“If positive performance were to continue, collective effort should continue as well to consolidate the economy and our banking system. I am confident that with responsible actions by everybody we could achieve even better results,” she said.
On the banking sector, Georghadji added that following the events of 2013, the island’s major banking institutions have passed the 2014 EU wide stress test and enjoy today “a strong capital” base.
The Central Bank boss added that banks have increased the coverage ratio without having to raise capital, whereas the Cooperative sector received additional state aid of 175 million euros, after the capital injection of 1.5 billion euros in 2014 from bailout funds.
“The level of NPLs remains the biggest problem facing the banks,” Georghadji pointed out, adding that apart from the creation of internal restructuring units in the banks, the improvement of the macroeconomic environment, which remains as an essential prerequisite, is expected to gradually ease the problem.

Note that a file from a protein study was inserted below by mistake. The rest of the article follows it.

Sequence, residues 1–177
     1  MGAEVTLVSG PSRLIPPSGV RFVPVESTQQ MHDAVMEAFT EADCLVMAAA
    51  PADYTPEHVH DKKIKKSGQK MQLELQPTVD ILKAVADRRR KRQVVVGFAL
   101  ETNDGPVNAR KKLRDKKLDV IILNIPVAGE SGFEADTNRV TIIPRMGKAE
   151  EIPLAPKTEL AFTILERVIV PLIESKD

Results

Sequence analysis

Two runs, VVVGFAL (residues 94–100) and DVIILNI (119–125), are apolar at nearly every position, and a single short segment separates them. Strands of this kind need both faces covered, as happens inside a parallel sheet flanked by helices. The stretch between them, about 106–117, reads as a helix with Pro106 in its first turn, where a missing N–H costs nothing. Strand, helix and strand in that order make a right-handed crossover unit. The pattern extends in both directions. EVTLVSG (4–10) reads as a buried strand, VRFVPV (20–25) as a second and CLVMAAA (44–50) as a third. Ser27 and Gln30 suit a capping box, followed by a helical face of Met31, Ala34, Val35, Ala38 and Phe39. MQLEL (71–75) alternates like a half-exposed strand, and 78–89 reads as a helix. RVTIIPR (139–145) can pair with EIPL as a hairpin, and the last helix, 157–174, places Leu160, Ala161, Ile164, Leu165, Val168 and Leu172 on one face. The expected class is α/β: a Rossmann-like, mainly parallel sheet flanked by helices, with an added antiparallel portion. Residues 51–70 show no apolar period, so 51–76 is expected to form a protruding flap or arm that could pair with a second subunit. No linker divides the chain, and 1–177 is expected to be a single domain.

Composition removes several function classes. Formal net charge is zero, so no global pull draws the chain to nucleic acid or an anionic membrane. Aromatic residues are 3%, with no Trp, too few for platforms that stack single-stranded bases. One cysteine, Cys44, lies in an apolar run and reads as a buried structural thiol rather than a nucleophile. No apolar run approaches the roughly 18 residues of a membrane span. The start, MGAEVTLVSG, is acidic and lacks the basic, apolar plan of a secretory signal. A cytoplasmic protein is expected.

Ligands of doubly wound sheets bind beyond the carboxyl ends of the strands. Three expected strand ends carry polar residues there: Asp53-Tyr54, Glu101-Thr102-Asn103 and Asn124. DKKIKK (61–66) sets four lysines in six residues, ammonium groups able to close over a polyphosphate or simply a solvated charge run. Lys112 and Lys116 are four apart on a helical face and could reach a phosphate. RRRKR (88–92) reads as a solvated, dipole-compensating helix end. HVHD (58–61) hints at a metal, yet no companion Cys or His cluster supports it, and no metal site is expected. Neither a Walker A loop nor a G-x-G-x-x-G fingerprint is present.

She noted, however, that despite the fact the NPL ratio remains at high levels, “signs for the improvement of the situation through restructuring has begun to emerge.”
Georghadji pointed out that loan restructuring reached 4.7 billion euros by November 2015, outlining that restructuring started to pick up pace as both lenders and borrowers familiarise themselves with the relevant procedures and the new insolvency framework.
The Governor pointed out the Central Bank has set new targets to commercial banks for the first quarter of 2016, amounting to one billion euros in proposed and viable restructuring solutions and an additional one billion euros in agreed restructuring.
She dismissed suggestions that the banks are operating as asset management companies rather than banks, pointing out that in 2015 banks provided new credit amounting to 1.7 billion euros, of which 1.2 billion euros in corporate loans and 500 million euros to households “which is a respectable amount considering the size of Cyprus.